The announcement by Starbucks and Arizona State University to create an inexpensive pathway for Starbucks employees to earn undergraduate degrees has been met with a wide-ranging mix of optimism and skepticism.* Some see it as a saving grace in the face of the rising cost of college education, yet others question the real value to those working for the company.
Both sides make valid points, but ultimately it just looks to be a sound business decision by two entities that will also moderately improve the tuition benefit Starbucks employees utilize while earning a degree.
Since Starbucks already had a tuition assistance plan in place, it will come down to a matter of degrees whether the agreement to exclusively work with ASU Online will be more or less effective. So why would Starbucks and ASU enter into this agreement?
Starbucks is likely betting that the cost savings for recruiting and retaining employees who will now stay with the company until they at least complete their degree will outweigh the overall tuition bill. ASU will likely see a modest return from the agreement or break even, but the marketing value of striking this deal is nearly priceless. In the future, if the plan covers other institutions as the company says it may, ASU will have been the only university when the plan was announced.
From this, they have been able to inform millions that they offer a large number of undergraduate degrees online and that it is an option for students across the country and abroad. The publicity from creating the partnership and writing a press release will be far more valuable than their yearly TV commercial ran during sporting events, brochures mailed to prospective students, and paid online advertising.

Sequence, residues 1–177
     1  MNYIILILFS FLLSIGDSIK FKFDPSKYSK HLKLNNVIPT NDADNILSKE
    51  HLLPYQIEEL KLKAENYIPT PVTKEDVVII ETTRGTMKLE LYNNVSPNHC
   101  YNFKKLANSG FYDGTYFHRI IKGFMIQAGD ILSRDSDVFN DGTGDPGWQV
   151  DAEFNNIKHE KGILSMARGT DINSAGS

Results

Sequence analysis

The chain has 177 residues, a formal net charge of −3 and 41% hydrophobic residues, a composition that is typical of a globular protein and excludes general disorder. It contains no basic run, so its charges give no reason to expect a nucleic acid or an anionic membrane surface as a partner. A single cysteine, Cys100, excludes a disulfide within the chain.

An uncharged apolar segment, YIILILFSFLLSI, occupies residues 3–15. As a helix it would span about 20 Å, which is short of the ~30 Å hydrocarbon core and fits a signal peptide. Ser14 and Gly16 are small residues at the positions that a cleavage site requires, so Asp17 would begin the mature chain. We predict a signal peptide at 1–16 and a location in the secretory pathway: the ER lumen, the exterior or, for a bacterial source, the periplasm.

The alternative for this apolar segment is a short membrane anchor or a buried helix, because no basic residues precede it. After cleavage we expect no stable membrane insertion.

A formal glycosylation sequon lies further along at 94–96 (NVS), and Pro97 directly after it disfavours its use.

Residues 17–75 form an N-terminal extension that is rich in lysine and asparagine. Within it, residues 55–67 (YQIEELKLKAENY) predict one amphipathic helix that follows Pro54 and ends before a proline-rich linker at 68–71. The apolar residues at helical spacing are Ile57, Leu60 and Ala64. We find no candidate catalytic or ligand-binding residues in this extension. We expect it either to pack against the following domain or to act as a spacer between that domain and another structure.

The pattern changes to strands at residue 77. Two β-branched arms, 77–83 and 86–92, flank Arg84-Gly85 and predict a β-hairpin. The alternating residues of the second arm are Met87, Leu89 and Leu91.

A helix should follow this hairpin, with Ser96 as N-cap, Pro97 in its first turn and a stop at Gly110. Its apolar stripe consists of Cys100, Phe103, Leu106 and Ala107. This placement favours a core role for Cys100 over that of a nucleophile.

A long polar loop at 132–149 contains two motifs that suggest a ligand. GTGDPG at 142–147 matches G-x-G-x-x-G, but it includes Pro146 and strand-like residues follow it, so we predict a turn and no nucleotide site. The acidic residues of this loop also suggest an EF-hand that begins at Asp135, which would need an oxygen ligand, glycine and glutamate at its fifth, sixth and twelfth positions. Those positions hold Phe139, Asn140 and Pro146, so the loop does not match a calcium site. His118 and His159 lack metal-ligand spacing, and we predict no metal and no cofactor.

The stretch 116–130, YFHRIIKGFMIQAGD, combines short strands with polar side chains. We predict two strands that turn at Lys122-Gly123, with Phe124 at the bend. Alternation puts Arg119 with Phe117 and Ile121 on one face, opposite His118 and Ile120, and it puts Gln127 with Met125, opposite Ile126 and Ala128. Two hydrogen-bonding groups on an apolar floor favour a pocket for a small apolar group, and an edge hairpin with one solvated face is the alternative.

So, what is surprising about this agreement? Well, that Starbucks had a tuition reimbursement plan in the first place. Few Fortune 500 companies do, with a very small number being food service companies, and even fewer still allowing employees to pursue degrees unrelated to their professional path or to leave the company immediately after completing a degree. That’s an impressive benefit not offered by many. How many parents who used to take their coffee black are now asking teenagers to learn to make a proper mocha with steamed milk and a chocolate powder dusting?
Also surprising is that more universities haven’t created similar agreements with Fortune 500 companies, or smaller agreements with companies for niche academic programs. This is likely due to only a small number of public institutions having a density of full undergraduate degrees available online. The niche agreements do exist, but are not widespread. Bigger and smaller partnerships both seem to be a new path forward for universities that, since 1980, have seen diminishing support by states for higher education. On average, state support will run out by 2059 across the country, with many states such as Colorado reaching zero by as early as 2019.
Currently, the primary way institutions make up decreasing state support is by increasing tuition, which will have to continue at least until state support reaches zero. However, if mutually beneficial agreements similar to the one reached by Starbucks and ASU can be struck by other public universities, tuition increases could potentially become smaller and less frequent. More students paying lower tuition bills? Sounds like the line could get a little longer to grab a cup of coffee.
Do you think more agreements between companies and universities will help mitigate the cost of college education?
*Read more about the agreement: